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The 100 Year War: Why Diseases Can Take Generations to Tackle

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When the UK's Sir John Gurdon won the Nobel Prize along with Shinya Yamanaka, it acted as a reminder that the practical use of scientific discoveries can take decades to reveal themselves.

Gurdon's work used frogs to prove that a single cell in your body contains all the DNA you need to make another you. Taking a cell from the intestines of a frog, he inserted the genetic information within into a frog egg, creating a clone frog. The same technique was used by the next generation of scientists to make Dolly the Sheep in 1996.

Forty years later, Shinya Yamanaka built on Gurdon's work to 'reset' cells. The cells in our body start out as stem cells, before specialising to do different things. Prof Yamanake managed to reverse this process, to render specialised cells in a state where they could develop into anything. This is particularly exciting for medicine, for a number of reasons. As Yamanaka himself puts it "My goals over the decade include to develop new drugs to intractable diseases by using iPS cell technology and to conduct clinical trials using it on a few patients with Parkinson's disease, diabetes or blood diseases."

In the same way that Prof Yamanaka's work was informed by the breeding of that cloned frog 40 years previously, Prof Gurdon was himself inspired by other scientists including Robert Brigg, Thomas J. King and Donald D. Brown. What this again shows is the incremental nature of scientific discovery, with different scientists, often across different generations, each providing a piece of the puzzle.

In that sense, there is really no such thing as a failed experiment - an experiment shows something to be the case or not and sometimes leads to surprising discoveries that could not have been foreseen. The sequence of discoveries that led to breast cancer drug Herceptin, for instance, started decades earlier with the discovery of a mouse hormone, which is not in itself particularly useful.

Scientists are often criticised, particularly by people with only a lay understanding of their work, because people cannot see the immediate application of their research, but this does not mean that there will not be an application in the future.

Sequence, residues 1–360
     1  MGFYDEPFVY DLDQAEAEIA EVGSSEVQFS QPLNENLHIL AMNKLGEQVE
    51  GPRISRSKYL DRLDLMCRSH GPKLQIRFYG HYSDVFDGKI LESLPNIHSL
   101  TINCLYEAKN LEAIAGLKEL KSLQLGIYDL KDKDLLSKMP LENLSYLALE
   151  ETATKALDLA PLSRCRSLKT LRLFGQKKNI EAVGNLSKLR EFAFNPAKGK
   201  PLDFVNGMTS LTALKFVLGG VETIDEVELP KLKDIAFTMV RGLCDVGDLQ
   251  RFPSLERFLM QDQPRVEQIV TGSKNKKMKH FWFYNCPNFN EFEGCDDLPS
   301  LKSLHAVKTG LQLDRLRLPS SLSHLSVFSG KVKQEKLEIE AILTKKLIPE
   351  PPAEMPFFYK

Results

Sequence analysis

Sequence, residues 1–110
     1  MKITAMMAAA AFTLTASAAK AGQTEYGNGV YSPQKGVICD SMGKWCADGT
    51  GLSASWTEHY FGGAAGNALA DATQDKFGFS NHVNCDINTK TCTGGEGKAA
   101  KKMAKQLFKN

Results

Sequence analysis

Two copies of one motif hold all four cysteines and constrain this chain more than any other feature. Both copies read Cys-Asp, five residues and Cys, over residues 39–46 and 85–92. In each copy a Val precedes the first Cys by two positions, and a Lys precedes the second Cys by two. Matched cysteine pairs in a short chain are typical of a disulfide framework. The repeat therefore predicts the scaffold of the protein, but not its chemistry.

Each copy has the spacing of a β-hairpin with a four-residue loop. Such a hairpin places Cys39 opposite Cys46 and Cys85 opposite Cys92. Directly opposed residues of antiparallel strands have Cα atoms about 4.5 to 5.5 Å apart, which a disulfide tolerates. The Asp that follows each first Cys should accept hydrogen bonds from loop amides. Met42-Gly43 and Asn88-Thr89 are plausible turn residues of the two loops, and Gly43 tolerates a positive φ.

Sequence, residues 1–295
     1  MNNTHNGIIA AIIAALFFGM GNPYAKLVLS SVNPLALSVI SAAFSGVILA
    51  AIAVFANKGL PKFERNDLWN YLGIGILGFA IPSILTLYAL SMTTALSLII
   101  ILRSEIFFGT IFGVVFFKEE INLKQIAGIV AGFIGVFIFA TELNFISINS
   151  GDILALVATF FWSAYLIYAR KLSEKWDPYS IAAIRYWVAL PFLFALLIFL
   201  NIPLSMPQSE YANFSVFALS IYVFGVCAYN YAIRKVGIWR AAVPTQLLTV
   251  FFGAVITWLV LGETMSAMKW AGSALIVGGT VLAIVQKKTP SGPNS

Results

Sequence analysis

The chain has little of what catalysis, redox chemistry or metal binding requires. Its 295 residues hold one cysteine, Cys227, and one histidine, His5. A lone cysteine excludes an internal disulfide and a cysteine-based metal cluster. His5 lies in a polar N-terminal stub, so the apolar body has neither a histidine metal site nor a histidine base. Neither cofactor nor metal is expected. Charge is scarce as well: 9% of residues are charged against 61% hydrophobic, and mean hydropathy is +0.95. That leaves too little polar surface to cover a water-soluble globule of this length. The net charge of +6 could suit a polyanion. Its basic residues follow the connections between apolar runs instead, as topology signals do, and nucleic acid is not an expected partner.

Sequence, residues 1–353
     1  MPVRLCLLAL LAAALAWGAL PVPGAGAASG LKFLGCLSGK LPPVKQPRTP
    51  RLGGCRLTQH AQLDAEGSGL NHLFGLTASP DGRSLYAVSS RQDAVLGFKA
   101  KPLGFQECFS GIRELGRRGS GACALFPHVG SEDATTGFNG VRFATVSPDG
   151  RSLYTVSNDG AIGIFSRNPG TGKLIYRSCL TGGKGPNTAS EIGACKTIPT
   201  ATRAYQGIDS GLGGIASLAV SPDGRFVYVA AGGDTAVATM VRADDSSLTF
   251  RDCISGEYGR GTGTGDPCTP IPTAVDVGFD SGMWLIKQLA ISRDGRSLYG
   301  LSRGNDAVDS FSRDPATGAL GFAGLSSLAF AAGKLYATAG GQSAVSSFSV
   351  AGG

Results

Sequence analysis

Some benefits, of course, are obvious, such as vaccines. Dolly the sheep was killed by the JSRV virus, which causes cancer in sheep if contracted and for which there is currently no vaccine. In contrast, Western lowland gorillas, which have lost 25% of their natural population to the Ebola virus in recent years, can be treated with the human Ebola vaccine. What seems clear in this respect is that all of nature is in an arms race against communicable diseases and mankind is more or less doomed to be forever working on developing new treatments to emerging natural threats to humans, animals and the environment.

However, other discoveries take longer to become practical. Work done involving animals in the 1970s, for example, is now used to keep premature babies alive. Back then, protesters were calling for that work to be stopped because it involved animals, yet this research will be a gift that keeps on giving as generations of children benefit. Imagine, too, that scientists discovered that when testing a potential cure it caused other health problems - the drug trial might be considered a commercial failure, but its scientific value and its value to you and I is nevertheless considerable.

Every life scientist is standing on the shoulders of the previous generation. As we make ever greater inroads to understanding the functioning of living bodies, we should remember that, just because the utility of a piece of knowledge is not yet clear, doesn't mean the process of obtaining that knowledge can be considered a waste of time. We should always bear in mind that, when thinking about science, There Is No Such Thing As A Failed Experiment.